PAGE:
Poet Nikki Giovanni closed our Memorial Convocation with the words, "We will prevail. We are Virginia Tech." Now etched in the hearts of everyone who sympathized with the families that lost their loved ones, her words rang across the world so loudly that they made hearts soar with hope for the future. They were the perfect inspiration in the very darkest hour of a university torn apart with sadness and grief.
We realize that tragedy does strike when and where it may be least expected. And we have learned that strength can be drawn from such horrific events. Virginia Tech is a place that cannot be beaten down by tragedy of this proportion; it is a place that students did not leave during its darkest hours. We know that thousands of new students will come for the same experience that current ones are having. And, yes, they too will become proud alumni and join you in carrying the torch of Ut Prosim (That I May Serve).
A moving illustration of the tragedy we have all just lived through is in the story of one of our professors who lost his daughter in Norris Hall. He sent an e-mail to his classes later that day saying that he was unsure how or where classes would continue. And he gave his students one final assignment: ". . . perhaps the most important lesson you will learn in life. Go to your mother, father, brothers, and sisters and tell them with all your heart how much you love them. And tell them that you know how much they love you, too. Go out of your way to make good memories. At some point, those memories may be all you have left."
I recall an occasion in the mid-80s at which Robert Pamplin Sr.--for whom the College of Business and its building are both named--read an official statement to kick off the university's first major capital campaign. A bit uncomfortably, he read the words that had been written for him, and then he put down his script and said, "Now let me tell you what is in my heart." He explained that life had treated him well, and he felt an obligation and satisfaction in giving back to the place that had given him the most rewarding experiences of his life.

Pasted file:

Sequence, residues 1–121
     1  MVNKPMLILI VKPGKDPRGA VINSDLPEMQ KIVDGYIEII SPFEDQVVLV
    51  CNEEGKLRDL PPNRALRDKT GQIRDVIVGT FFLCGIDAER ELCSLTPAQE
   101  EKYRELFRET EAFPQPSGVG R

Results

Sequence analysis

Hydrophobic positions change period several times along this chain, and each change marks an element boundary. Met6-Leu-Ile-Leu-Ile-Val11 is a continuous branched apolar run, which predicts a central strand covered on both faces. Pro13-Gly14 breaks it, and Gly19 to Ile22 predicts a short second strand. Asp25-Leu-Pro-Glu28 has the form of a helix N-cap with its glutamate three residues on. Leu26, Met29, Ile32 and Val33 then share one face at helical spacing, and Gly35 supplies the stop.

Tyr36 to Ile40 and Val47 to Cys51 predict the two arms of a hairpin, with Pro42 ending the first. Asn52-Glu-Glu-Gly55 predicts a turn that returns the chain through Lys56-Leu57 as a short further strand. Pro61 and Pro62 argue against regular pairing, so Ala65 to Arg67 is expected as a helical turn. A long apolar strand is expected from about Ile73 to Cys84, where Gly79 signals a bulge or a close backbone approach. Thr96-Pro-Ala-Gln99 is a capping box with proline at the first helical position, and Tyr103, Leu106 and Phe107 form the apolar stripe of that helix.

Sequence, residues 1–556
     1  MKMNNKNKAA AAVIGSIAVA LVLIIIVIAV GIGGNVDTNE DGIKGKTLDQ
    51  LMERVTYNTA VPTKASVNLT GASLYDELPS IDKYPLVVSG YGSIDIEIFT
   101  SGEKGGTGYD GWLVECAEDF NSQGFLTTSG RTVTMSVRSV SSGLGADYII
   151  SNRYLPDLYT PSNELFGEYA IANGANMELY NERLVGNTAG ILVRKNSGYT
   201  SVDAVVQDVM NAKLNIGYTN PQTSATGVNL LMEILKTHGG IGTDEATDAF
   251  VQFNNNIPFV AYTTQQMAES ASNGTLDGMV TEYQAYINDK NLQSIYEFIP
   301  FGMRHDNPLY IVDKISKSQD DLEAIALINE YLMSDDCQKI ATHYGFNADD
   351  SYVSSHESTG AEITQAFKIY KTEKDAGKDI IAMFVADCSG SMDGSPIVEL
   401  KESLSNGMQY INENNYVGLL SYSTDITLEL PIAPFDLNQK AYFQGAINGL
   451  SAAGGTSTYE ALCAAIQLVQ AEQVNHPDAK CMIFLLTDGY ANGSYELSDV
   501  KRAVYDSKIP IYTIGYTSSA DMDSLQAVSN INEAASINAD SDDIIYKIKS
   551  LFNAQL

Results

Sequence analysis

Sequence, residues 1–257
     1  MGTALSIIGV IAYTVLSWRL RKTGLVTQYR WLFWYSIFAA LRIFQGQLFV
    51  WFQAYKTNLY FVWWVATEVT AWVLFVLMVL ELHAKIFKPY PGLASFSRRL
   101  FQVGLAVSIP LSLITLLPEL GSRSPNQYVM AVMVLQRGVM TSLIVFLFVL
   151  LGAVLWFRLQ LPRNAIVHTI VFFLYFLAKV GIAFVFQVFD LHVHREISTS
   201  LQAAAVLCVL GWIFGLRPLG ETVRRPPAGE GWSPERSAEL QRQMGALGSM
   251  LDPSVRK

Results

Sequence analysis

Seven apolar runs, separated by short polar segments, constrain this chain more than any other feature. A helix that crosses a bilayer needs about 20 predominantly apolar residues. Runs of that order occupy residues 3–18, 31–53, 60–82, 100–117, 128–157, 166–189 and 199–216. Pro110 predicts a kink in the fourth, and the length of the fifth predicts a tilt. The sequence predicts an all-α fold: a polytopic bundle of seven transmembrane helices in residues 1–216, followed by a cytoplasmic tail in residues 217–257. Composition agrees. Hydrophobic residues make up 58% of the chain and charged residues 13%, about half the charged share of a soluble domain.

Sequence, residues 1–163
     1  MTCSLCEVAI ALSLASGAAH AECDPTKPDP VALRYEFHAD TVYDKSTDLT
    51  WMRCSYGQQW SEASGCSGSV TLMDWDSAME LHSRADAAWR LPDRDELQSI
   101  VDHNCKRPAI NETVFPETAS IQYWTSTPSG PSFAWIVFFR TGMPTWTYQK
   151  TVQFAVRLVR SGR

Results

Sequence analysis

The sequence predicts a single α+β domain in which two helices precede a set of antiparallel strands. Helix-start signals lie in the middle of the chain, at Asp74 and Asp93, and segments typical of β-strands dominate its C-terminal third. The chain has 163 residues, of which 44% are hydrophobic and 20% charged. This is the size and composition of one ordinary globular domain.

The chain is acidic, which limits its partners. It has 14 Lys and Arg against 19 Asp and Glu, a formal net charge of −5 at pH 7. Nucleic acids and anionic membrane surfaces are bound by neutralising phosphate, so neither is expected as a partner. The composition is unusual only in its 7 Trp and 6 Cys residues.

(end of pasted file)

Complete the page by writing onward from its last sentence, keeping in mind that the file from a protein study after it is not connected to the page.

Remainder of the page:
Now, let me tell you what is in my heart: Virginia Tech has drawn and will continue to draw strength from unity, whether making memories with friends, recalling those memories, bonding with other students and professors, or simply learning from the amazing group of fine people who are drawn to this place. Our alumni must continue to come together wherever they live. They must continue to connect by phone, e-mail, or in person to renew their bonds. And they must show the world how much they love their alma mater. Because there is no more special place in the entire world.
As the eyes of the world peer at us, they see what makes us truly a Hokie Nation. They see what makes us the proudest alumni in the world. And they come to understand that this feeling is so very powerful that it never, never can be violated or destroyed.